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This was one of my stock of Christopher Lee films broadcast on TV which I've systematically recorded on my Sky box. I watched it last night because I had had a stressful day at work and needed to wind down - and then today managed to be even more stressful, which wasn't entirely the plan! (The cause of the stress isn't anything long-term or serious - just byzantine nightmares around the catering for an event I'm running tomorrow. But I've swerved wildly over the last two days between fearing I might have no lunch at all for 60 people tomorrow, and fearing I would have to pay for their lunch twice, neither of which were very attractive prospects - so it's been pretty grim for me in the short-term.)

Anyway, the film! It just pre-dates the beginning of Lee's career with Hammer, but in hindsight it almost looks like a road-map for where he was going. Alongside Lee in the cast we find John Van Eyssen, better-known to me as Jonathan Harker in Hammer's Dracula (1958), Anton Diffring, star of The Man Who Could Cheat Death (1959; which I haven't seen and really must) and Rupert Davies, better-known to me as the Monsignor in Dracula has Risen from the Grave (1968). Also, the house at which most of the action takes place is also better-known to me as the country home of the Eatons in Hammer's The Devil Rides Out. Lee himself is [Spoiler (click to open)]not the villain, but the point of the film is that any one of the characters could be the titular Traitor (and hence also a murderer), and he does a good job of being suitably suspicious. There is a lot of clipped impatience, polishing of glasses, and social awkwardness. There's also a case for saying that he over-does some of those things in the performance; but then again he spends the entire film looking extremely pretty in either a black-tie dinner suit or a silk dressing-gown, so I'm willing to forgive him.

The actual plot involves a group of German ex-resistance fighters from a town called Leipzberg (I guess a fictional place invented by giving Leipzig a different ending?), who gather together once a year to remember their former leader, who was executed after being betrayed to the Nazis. This year, though, things are different, because after they have all gathered together, they discover that an extra guest will be joining them - one who knows the identity of the traitor who betrayed their leader. There are various twists, murders, and unexpected extra visitors, as well as a lot of lovely cabin-feverish tensions between the characters, before everything is resolved and we finally discover the truth. There is also some nice music along the way, as one of the characters (Anton Diffring's, in fact), is a pianist, and has written a haunting and beautiful prelude to express the sorrow and loss felt by the whole group, which he plays at every available opportunity.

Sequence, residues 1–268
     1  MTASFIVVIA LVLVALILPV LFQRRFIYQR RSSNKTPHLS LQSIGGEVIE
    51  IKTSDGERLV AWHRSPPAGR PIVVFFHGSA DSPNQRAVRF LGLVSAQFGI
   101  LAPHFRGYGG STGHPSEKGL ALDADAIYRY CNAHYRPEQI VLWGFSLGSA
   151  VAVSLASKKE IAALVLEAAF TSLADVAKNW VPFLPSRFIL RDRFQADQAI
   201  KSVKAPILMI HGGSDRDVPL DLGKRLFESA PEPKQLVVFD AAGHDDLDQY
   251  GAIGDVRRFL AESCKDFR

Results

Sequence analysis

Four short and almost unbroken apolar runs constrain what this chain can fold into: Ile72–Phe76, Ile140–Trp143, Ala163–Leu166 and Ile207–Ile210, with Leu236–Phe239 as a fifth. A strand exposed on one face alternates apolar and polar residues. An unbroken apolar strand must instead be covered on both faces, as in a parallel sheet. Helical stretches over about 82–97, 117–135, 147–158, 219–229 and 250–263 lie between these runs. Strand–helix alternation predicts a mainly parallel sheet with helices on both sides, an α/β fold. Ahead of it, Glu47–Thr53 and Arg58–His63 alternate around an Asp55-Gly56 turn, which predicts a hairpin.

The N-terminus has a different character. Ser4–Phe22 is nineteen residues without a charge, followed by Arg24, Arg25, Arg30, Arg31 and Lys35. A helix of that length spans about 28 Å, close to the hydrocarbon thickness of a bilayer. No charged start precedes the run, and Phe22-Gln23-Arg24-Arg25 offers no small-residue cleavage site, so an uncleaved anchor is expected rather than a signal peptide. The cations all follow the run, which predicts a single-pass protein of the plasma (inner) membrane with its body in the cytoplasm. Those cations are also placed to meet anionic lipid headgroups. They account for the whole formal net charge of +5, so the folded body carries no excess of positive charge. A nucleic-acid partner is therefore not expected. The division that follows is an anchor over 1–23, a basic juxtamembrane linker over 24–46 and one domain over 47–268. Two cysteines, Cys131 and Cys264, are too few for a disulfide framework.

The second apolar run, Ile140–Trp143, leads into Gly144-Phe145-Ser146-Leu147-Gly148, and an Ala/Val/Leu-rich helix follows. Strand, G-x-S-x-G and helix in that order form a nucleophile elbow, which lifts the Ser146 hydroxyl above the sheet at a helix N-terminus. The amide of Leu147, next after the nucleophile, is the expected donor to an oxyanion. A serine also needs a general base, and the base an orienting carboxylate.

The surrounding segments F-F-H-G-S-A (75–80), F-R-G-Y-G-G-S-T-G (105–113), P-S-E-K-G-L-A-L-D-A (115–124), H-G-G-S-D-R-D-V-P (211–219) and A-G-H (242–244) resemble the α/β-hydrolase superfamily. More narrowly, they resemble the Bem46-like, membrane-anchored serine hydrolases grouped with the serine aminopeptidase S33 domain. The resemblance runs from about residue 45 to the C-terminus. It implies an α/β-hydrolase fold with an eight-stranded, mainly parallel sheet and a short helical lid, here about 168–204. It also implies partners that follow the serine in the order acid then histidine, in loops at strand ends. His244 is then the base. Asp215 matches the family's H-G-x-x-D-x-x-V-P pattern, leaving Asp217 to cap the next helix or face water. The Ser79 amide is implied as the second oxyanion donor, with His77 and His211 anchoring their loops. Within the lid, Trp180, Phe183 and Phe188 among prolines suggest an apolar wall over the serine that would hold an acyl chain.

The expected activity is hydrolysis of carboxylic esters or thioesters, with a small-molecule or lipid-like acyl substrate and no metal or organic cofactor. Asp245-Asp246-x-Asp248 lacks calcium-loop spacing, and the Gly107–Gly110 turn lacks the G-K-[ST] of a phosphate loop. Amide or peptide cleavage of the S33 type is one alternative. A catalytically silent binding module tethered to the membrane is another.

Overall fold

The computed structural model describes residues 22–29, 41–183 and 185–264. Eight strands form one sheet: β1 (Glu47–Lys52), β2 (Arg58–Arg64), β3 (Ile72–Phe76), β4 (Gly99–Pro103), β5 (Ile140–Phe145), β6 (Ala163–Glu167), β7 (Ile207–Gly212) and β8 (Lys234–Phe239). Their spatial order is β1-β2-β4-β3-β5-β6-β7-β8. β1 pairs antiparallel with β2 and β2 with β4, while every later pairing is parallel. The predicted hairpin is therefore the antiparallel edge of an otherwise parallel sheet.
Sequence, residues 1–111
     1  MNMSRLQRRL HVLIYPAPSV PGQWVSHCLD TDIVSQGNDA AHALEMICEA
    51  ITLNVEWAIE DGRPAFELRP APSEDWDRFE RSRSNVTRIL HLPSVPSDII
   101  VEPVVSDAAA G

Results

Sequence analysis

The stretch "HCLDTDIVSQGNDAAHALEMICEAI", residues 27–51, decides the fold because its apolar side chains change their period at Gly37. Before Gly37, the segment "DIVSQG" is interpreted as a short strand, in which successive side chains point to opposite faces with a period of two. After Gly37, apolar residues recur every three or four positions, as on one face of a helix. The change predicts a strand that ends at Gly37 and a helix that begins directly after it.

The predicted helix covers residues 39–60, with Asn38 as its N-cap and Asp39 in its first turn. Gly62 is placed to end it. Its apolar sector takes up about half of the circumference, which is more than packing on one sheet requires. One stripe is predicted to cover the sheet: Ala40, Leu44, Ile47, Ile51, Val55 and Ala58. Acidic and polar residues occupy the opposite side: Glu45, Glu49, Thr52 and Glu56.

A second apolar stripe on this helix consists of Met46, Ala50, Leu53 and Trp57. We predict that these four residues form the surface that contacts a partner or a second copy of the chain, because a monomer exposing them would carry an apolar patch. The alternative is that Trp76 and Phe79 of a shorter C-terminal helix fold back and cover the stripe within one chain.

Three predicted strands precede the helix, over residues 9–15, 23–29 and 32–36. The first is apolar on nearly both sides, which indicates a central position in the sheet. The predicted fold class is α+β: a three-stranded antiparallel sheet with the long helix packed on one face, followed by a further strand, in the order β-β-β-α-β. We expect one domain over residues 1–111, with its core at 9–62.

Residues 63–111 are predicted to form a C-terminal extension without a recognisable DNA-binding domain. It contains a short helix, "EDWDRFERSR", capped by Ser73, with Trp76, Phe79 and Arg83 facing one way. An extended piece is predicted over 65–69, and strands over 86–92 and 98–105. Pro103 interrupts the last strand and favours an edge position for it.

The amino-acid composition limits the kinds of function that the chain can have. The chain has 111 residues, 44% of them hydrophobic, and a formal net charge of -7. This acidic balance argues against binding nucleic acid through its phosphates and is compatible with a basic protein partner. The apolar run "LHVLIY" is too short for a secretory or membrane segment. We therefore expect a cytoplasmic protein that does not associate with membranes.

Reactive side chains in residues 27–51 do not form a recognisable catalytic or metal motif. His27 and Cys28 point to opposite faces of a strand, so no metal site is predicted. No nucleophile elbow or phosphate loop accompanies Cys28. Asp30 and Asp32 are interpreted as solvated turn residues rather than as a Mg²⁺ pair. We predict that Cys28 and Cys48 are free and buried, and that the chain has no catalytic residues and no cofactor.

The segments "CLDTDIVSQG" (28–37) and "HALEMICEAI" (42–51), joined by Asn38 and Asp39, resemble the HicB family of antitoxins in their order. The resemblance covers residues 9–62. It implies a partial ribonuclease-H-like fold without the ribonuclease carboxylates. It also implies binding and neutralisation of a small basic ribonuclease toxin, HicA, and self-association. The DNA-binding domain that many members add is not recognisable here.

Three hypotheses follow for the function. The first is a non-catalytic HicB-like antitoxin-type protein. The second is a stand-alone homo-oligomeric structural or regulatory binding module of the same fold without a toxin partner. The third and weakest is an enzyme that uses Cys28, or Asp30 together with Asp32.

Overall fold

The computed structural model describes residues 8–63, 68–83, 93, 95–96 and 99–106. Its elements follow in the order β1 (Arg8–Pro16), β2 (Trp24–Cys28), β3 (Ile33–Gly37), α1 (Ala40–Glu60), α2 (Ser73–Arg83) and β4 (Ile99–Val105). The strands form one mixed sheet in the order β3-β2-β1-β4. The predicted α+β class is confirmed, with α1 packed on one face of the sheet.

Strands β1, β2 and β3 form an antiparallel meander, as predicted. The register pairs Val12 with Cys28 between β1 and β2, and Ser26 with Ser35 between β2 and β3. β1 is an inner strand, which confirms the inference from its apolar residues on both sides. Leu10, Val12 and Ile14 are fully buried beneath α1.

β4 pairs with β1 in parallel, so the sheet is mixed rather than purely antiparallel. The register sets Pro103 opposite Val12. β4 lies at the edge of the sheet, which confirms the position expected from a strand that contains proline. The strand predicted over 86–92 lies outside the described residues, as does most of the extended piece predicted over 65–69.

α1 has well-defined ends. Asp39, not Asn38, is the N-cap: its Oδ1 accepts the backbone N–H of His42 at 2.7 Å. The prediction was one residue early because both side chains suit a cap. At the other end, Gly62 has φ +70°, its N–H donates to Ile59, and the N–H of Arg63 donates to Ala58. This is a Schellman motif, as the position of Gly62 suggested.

Besides the pianist, the group is presented as a diverse range of types, all of whom we are introduced to via little vignettes at the beginning of the film. Christopher Lee's character is a doctor; others include a mayor, a business-man and a heavy-drinking play-boy. In true Smurfette tradition, there is also one character who was clearly scribbled down on the first draft of the cast list as 'the woman one' (played by Jane Griffiths). Thank you, 1950s. She herself is great, though - utterly modern and self-assured, and treated by all the others as a full member of the group. She even slips out of the house at one point to determine for herself whether a supposedly broken-down car really is out of order or not - and does so perfectly effectively. So she was fun to have around, but the film as a whole was a very long way away from Bechdel-compliance.

The plot is somewhere between a sadness-of-war film, an Agatha Christie-style country house murder mystery and An Inspector Calls. It's not the sort of thing I would go out of my way to watch if Christopher Lee weren't in it, and I think it possibly suffered from having slightly too many characters, so that several of them were never very fully developed. But it kept my attention throughout, and certainly did the job as far as providing a stress-relieving evening snuggled up on the sofa was concerned. It's black and white, and the print I saw was dreadful quality - so bad that much of the colouring actually looked green where there were a lot of complex different shadings going on at once. But I suspect it would look very beautiful properly remastered and on a large screen. I'll be quite happy to sit through it again if I ever get the chance to see it in those circumstances.

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